Major Grant Funds Educational Outcomes Study of New Jersey Children with Special Needs
With a $597,348 federal grant, Drs. Botticello and O’Neill of Kessler Foundation will collaborate with Children’s Specialized Hospital to study how the educational experiences of children with special health care needs are affected by pediatric rehabilitation, and the impact on their community integration
East Hanover, NJ December 6, 2019. A team of New Jersey researchers received a major federal grant to study the educational outcomes of children with special health care needs. The three-year study titled, “Return to School: A Mixed Methods Investigation of Community Integration after Pediatric Rehabilitation,” is funded by a $597,348 grant from the National Institute on Disability, Independent Living, and Rehabilitation Research (90IFRE0030). John O’Neill, PhD, and Amanda L. Botticello, PhD, MPH, of Kessler Foundation are co-principal investigators for this collaborative project with Children’s Specialized Hospital.
Attending school is vital to community integration for children with special health care needs. This population, however, often faces obstacles to education despite legislation designed to promote access and inclusion. Lengthy illnesses and hospitalizations are common among children with chronic health problems, interrupting their participation in school. The educational outcomes of these children are largely unknown, a knowledge gap that complicates the work of the clinicians, families, and educators who are invested in their educational success.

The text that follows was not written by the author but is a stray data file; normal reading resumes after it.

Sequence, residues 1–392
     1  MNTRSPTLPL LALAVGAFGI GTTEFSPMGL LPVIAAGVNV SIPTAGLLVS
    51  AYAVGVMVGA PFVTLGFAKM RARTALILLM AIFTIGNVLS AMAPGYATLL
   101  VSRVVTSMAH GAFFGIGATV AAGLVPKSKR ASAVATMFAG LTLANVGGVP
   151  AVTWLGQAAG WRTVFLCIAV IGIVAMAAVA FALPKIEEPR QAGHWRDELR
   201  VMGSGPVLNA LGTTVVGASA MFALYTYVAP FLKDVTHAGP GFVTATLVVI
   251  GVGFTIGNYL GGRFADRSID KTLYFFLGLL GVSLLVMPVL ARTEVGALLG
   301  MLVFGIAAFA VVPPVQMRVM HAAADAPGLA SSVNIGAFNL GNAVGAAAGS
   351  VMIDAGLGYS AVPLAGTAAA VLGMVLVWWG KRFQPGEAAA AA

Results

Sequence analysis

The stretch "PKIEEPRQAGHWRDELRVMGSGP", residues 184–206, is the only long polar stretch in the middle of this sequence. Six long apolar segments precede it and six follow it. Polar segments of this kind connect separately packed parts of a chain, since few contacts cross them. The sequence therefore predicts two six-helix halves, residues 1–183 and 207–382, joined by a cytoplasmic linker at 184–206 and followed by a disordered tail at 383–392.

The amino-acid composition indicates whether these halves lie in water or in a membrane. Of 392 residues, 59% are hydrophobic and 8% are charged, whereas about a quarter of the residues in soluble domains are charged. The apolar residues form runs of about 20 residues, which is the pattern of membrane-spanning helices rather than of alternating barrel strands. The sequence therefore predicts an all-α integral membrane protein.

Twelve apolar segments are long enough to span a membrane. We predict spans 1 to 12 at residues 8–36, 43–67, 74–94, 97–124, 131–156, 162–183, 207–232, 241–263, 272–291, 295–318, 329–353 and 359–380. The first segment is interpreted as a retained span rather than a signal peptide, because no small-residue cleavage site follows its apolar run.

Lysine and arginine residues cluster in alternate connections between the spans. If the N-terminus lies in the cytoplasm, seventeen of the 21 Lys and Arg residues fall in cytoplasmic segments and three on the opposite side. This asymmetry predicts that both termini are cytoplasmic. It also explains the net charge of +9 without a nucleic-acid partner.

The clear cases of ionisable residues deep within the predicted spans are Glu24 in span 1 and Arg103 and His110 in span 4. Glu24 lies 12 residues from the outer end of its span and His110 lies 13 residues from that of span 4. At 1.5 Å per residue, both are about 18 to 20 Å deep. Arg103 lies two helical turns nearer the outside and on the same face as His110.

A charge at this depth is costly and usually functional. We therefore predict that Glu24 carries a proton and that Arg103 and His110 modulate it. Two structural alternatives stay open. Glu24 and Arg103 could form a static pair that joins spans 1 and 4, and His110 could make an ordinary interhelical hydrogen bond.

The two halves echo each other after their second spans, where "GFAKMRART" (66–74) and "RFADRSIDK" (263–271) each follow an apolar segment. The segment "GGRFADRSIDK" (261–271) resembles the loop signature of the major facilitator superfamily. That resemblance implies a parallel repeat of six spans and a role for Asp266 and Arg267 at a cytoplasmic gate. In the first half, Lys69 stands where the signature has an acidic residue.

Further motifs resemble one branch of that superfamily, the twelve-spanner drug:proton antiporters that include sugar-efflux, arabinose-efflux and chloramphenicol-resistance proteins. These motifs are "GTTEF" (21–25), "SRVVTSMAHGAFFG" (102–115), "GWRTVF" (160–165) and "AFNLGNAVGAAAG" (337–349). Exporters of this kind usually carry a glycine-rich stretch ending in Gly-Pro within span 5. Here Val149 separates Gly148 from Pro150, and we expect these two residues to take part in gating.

This NIDILRR-funded study is based on a successful pilot study that linked Children’s Specialized Hospital medical records to New Jersey State Department of Education records of a large cohort of children with special health care needs. The researchers will use a combination of medical and educational records, focus groups, and interviews to understand the experiences of returning to school after pediatric rehabilitation. Their goal is to develop a prospective process to identify the educational needs of these children that can be implemented across a variety of healthcare settings.
“This study will benefit children and adolescents with disabilities by improving the coordination between healthcare systems, schools, and families,” said Dr. O’Neill. “We anticipate that the knowledge gained will document the effectiveness of interventions that support good educational outcomes, such as long-term care management, peer support groups, and medical education for the clinicians who care for these children,” he added. “What we learn in New Jersey about the community integration of children with special health care needs may serve as a model for public policies for special education services in other states.”
Funding: National Institute on Disability, Independent Living, and Rehabilitation Research (grant 90IFRE0030)
Children's Specialized Hospital
Children's Specialized Hospital is the nation's leading provider of inpatient and outpatient care for children from birth to 21 years of age facing special health challenges--from chronic illnesses and complex physical disabilities like brain and spinal cord injuries, to developmental and behavioral issues like autism and mental health. At 13 different New Jersey locations, our pediatric specialists partner with families to make our many innovative therapies and medical treatments more personalized and effective so each child can reach their full potential.
About Kessler Foundation
Kessler Foundation, a major nonprofit organization in the field of disability, is a global leader in rehabilitation research that seeks to improve cognition, mobility, and long-term outcomes--including employment--for people with neurological disabilities caused by diseases and injuries of the brain and spinal cord. Kessler Foundation leads the nation in funding innovative programs that expand employment opportunities for people with disabilities. Learn more by visiting KesslerFoundation.org.
For more information on Kessler Foundation's research, visit KesslerFoundation.org.